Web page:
IV. Emerging Choices

The proliferation of new information resources and the concomitant escalating costs of existing hard-copy and electronic titles and products (often supplied by high-profit publishers and vendors) require careful collection development and access choices, now and in the future. The Library's inability to provide comprehensive access via ownership of material, however, is mitigated by an increasing ability to ensure electronic availability to networked sources as well as an ongoing commitment to reliable and efficient document delivery.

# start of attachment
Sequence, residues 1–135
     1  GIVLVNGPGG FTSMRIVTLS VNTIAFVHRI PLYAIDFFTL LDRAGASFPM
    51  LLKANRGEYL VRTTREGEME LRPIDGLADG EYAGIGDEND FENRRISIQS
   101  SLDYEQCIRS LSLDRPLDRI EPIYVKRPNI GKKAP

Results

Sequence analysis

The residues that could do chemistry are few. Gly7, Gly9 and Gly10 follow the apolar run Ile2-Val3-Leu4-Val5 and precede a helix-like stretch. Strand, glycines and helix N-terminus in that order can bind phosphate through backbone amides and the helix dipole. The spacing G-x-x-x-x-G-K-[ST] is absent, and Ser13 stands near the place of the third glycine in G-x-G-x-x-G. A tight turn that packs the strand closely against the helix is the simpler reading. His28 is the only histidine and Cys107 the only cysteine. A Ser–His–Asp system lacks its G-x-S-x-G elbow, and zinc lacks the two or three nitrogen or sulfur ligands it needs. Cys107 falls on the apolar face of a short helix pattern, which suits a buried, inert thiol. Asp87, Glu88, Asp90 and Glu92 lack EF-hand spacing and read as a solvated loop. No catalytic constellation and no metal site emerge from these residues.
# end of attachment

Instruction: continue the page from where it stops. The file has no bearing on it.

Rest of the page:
This significant evolution in collection development and access patterns also requires enhanced communication between library staff and the faculty and students they serve. Ongoing dialogue will help ensure that the best choices are being made and that users are knowledgeable about emerging kinds of library resources in terms of access and intelligent use. The Library Liaison Program, operational in the School of Allied Health for nearly a decade, will continue to be the primary vehicle for this kind of contact. Familiarity with the library's web page, especially the linked health sciences subject page, increased classroom instruction, and formal and informal informational sessions--in the library and off-site--will ensure the best access to and use of archived and networked resources.